©2017 Kadic E. This is an open-access article distributed under the terms of the Creative Commons Attribution License, which permits unrestricted use, distribution, and reproduction in any medium, provided the original author and source are credited.

Citation

Kadic E, Kariv I (2017) Advances in high-dimensional mass cytometry cell and tissue analyses for translational biomarker discovery. Integr Cancer Sci Therap. 4: DOI: 10.15761/ICST.1000258

Corresponding author

lona Kariv, Ph.D.

Merck & Co., Inc., 33 Avenue Louis Pasteur, Boston, MA, USA 02115, Tel: 617-992-2098, Fax: 617-992-2487.

Single Cell Cytometry

Mass Cytometry

Flourescent Cytometry

References

Number of analytes

Routine analysis:40

Theoretically: up to 100

Routine analysis: 12

Theoretically: up to 20

[17,22]

Autoflourescence & compensation needed

No/No*

Yes/Yes

Data acquisition rate (events/sec)

1000

Up to 40,000**

Repeat acquisition of same sample

No***

Yes

Tissue Imaging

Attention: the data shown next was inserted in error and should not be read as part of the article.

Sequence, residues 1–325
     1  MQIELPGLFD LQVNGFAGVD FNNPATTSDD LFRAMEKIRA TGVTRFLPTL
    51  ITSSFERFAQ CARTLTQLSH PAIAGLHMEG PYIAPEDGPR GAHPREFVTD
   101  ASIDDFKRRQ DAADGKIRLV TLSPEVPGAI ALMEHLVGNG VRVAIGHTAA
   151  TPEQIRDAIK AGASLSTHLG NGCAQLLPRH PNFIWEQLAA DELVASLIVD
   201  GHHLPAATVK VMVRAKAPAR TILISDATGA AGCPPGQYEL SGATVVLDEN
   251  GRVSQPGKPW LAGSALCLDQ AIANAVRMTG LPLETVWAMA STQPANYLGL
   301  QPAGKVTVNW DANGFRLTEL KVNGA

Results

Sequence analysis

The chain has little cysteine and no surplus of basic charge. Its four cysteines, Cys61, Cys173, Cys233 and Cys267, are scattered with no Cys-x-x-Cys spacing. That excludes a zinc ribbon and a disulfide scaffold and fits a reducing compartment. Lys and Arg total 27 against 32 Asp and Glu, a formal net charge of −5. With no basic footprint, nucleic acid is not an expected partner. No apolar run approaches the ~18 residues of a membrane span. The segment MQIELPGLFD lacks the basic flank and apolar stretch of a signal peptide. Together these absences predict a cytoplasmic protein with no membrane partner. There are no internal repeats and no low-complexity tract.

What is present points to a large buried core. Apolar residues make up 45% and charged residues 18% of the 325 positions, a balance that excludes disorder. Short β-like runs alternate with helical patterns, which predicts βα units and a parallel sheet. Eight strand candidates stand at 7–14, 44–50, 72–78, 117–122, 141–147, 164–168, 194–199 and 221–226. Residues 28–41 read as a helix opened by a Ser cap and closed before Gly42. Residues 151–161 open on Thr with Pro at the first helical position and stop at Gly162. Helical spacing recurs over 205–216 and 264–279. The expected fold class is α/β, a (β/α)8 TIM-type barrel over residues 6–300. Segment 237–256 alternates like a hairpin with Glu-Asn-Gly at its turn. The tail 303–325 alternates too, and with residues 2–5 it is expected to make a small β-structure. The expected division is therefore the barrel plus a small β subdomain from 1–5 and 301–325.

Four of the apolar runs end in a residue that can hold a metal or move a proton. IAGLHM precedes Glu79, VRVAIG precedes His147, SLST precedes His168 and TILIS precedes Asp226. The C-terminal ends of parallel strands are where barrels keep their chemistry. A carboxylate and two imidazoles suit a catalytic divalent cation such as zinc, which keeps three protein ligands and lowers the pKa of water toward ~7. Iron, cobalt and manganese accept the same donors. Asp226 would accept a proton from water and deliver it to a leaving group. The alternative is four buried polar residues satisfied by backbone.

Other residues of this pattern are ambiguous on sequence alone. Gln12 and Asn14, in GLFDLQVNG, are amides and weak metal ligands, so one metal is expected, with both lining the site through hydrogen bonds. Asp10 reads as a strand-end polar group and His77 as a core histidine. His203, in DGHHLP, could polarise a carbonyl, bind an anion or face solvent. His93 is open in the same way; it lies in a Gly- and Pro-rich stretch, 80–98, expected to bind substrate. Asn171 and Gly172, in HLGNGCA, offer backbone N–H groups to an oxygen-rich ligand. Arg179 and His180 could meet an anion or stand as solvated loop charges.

IMC

MIBI

Traditional IF/IHC

References

Number of analytes

32

10

7-12 (IF) / up to 4 (IHC)

[50,54,57,58]

Resolution (nm)

1000

200+

~ 20/ 200

[50,57,59]

Data acquisition rate

Slow

Hours/mm2

Slow

Hours/mm2

Fast/ Fast

minutes/mm2

[50,52,57]

Repeat acquisition of same sample

No

Yes

Yes

[50,57,60]

Table 1: Summary of distinguishing features between single cell mass cytometry and imaging mass cytometry as compared to traditionally applied methods.

+Increase in resolution over IMC, however in this configuration high vacuum is needed. *Oxidation of metal tags well defined and can be easily discerned. ** Acquisition speed varies among the different flow cytometers, 40,000 events/sec attainable on LSR Fortessa (BD Biosciences).***Sample acquisition is terminal.